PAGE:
JA: JA conducts leadership camps for girls across Africa, so what advice do you have for young girls as they think of their future careers?
I think we must all learn to understand and embrace our strengths, recognize our weaknesses but not allow them to be barriers. The world is changing, there are new careers and opportunities everywhere, my advice is get to know yourself, be adventurous, have fun, don’t be afraid of new challenges, work extremely hard and always strive to excel. Open yourself up to see the opportunities around you, learn to collaborate and don’t be afraid of what the human race calls failure, see it as part of a path to learning.
JA: What was the process for you in understanding your strengths?
JC: There are several stories I can tell you about how I came to realize my own strengths. My father was very strict, we were living in Greenwich, my younger sister and I weren’t the only black kids at our junior school but we were the only Africans, so we were teased a lot. As such we spent a lot of time in the local library, we read like crazy, I am one of those who would read books under the cover when my mum thinks I am asleep. In my first temping job after graduating, I ended up working in British Telecom (BT) doing secretarial work. I was part of a group of young secretaries doing work for several managers all on the same floor. They would put work in the trays, we would type the work, they would collect and bring back their edits. After a few weeks, I realized several of the managers kept putting their work in my tray. I couldn’t understand why; I was the only black person/ women. I thought this must be some kind of racism. The other girls are full time and I was part time. One day I asked one of the managers, and he told me it was because my grammar was good, that I was correcting their work therefore needing fewer changes. That for me was one of the first realizations that I was good with the written word. The skill and love of working with the written word has carried my career in so many ways, through different industries and responsibilities. I also like to be challenged so big projects or complex projects bring out the hard worker and problem solver in me.
JA: What do you think are the most important levers to reverse the trend of youth unemployment in Africa?
JC: I think one of them is entrepreneurship education, opening the minds of youth to being more creative and more entrepreneurial.
Part of that is changing the mind-set of parents to allow that change to happen. That lever can only happen if government, financial institutions, education institutions, the private sector and any other sectors work together. Entrepreneurship education and support is crucial; a lot is already happening and hopefully all the different players in this will connect and partner more.
We also need new institutions that can step into the space of funding support and short term loans, this is often a huge barrier to success, and growth.
JA: What is your advice on entrepreneurship for Africa’s youth?
JC: Don’t be afraid. The word entrepreneur sometimes conjures up images that make people afraid, it’s a big unknown. We need to find different ways to frame the word and the idea. A lot of us come from entrepreneurial families but we just never called them entrepreneurs. The advice is don’t be afraid of starting or failing, we know from the material we read that many of the best entrepreneurs failed over and over but learnt from their mistakes and continued.
There are a lot opportunities that the youth can take advantage of and they should do exactly that. The opportunities of leaving school or leaving university and getting a job is fast fading away for many reasons including mechanization, cost cutting, older people working for longer, technology etc. What we need is a lot more young people who say “I am going to leave university and I will create that company that will recruit from my university”, those opportunities are there.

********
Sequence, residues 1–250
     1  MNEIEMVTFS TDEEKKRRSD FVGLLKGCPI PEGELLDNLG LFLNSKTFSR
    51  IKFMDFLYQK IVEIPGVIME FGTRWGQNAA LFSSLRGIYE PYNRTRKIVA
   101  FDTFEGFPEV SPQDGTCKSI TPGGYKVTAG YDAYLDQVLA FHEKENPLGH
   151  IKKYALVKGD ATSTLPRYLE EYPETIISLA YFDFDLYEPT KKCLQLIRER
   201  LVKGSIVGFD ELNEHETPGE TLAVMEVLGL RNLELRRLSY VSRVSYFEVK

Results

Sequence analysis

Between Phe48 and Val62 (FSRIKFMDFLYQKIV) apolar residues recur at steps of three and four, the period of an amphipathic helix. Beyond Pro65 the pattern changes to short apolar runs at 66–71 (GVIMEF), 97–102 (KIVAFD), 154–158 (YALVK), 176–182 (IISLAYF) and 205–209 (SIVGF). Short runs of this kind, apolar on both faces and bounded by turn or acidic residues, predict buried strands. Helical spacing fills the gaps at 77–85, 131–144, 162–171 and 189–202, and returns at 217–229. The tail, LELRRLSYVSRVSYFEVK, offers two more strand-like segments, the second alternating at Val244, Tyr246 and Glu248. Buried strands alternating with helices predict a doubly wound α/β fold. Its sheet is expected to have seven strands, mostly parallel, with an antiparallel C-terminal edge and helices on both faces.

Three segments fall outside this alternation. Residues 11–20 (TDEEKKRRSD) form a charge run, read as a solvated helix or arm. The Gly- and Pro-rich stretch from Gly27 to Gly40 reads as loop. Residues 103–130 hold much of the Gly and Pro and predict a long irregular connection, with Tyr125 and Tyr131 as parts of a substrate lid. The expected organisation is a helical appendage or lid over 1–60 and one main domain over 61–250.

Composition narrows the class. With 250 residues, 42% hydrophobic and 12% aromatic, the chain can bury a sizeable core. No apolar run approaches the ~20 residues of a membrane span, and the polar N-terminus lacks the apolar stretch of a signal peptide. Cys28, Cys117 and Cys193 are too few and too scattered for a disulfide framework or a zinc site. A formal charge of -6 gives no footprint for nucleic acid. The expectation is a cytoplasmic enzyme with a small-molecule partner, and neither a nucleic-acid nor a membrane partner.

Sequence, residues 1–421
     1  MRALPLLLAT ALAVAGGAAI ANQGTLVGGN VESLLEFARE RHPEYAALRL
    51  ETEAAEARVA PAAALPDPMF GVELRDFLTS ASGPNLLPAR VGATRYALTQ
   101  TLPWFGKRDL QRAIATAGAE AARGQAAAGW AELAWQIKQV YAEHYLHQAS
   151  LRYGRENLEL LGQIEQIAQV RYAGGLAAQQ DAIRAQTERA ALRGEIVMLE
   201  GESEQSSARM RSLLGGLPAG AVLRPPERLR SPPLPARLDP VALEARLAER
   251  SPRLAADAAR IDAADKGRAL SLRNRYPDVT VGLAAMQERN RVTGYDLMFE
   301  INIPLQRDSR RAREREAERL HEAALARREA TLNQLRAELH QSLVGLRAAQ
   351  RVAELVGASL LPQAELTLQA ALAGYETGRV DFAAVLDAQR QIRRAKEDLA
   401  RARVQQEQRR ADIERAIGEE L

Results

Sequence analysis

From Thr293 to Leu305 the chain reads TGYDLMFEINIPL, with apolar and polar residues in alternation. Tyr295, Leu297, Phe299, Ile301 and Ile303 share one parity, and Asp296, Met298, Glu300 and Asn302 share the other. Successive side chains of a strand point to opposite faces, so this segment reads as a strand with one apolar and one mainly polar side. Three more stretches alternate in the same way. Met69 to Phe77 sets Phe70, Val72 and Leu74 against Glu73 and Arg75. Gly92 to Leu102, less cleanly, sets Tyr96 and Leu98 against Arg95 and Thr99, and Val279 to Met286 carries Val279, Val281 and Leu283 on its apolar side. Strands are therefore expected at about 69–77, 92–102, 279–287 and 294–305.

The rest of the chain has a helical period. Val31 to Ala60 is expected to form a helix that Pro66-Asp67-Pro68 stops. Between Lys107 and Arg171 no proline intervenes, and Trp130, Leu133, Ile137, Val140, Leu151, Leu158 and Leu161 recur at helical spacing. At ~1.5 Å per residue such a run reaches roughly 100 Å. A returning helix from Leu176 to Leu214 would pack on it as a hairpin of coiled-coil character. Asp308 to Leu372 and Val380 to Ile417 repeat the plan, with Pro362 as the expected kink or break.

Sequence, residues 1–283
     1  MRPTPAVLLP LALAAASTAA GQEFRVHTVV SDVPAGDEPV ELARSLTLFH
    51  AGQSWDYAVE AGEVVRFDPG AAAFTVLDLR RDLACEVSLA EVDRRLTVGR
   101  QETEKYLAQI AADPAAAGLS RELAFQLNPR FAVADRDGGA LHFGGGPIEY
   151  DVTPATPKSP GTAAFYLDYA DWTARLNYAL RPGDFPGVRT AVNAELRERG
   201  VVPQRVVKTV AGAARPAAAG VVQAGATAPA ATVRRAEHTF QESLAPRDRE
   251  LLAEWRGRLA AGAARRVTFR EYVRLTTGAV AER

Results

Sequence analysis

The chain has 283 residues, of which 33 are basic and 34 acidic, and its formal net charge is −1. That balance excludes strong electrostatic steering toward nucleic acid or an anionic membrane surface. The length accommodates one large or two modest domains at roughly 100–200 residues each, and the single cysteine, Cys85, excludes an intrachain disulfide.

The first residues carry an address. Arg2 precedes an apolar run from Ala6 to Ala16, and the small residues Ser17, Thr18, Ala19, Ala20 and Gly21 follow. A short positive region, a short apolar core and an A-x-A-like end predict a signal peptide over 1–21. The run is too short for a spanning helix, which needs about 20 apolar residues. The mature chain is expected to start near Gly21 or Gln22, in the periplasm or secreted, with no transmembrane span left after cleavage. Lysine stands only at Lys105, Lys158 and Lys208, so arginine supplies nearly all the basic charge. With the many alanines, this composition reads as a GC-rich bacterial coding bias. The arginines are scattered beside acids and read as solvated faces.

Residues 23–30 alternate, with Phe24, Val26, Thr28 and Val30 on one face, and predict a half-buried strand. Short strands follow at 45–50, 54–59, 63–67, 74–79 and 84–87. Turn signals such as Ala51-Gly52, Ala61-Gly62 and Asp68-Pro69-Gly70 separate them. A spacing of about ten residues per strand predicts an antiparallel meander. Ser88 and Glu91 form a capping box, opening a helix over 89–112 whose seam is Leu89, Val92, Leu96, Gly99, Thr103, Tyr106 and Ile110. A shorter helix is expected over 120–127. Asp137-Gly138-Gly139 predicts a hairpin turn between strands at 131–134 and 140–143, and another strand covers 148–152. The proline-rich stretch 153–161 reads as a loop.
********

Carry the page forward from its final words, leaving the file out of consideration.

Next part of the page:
Careers are changing rapidly, people shouldn’t be so hung up on the word career instead focus on their strengths and opportunities. There are new jobs and money making opportunities coming up all the time, that will continue to happen.
JA: If you could advice your younger self about her career choices what would it be?
JC: It goes back first to understanding your strength. It took me a while to really see what my strengths were even though they were kind of out there in front of me and I was doing well, very well, very quickly. So, I’d say it’s really about understanding your strengths, follow what you love and don’t be afraid. That is what I would say to my younger self too and have more fun in work too.
About Jean Chawapiwa
Ms. Jean Chawapiwa is one of the few women who have reached the top in the South African mining industry. After serving at senior levels in the external affairs, government relations and communication portfolios of three global mining companies, Rio Tinto, Barrick Gold and Placer Dome, Jean recently set up her own consultancy practice utilizing her extensive knowledge gained from 9 years in the mining sector. During this time her portfolio supported businesses in South Africa, Namibia, Guinea, Mozambique, Zimbabwe, Madagascar, Cameroon, and Tanzania.
She has extensive experience in external affairs, communication, change management and media across Africa, which included work on several divestments and acquisition. She also represented the Mining companies on the Executive Council of the Chamber of Mines (South Africa); BLSA (Business Leadership South Africa); WEF Africa (World Economic Forum); NBF (NEPAD Business forum); African Union; Mining Indaba & various other conferences; she also arranged and took part in wide ranging national and international government meetings and engagements.
Jean continues to sit on the Board of Junior Achievement Africa, she was the first woman to sit on the South African Chamber of Mines Executive Council where she sat for over 6 years ending December 2012. She chaired the Chamber of Mines Communications Committee; sat on the Board of Rio Tinto Management Services; and American Chamber of Commerce in South Africa (AmCham).
Jean is the Founder and MD or Win Win Solutions 4 Africa Consultancy, she is also the Country Director for WEConnect International in South Africa and the Board Chair for JA-Africa with a seat on JA World-wide Board.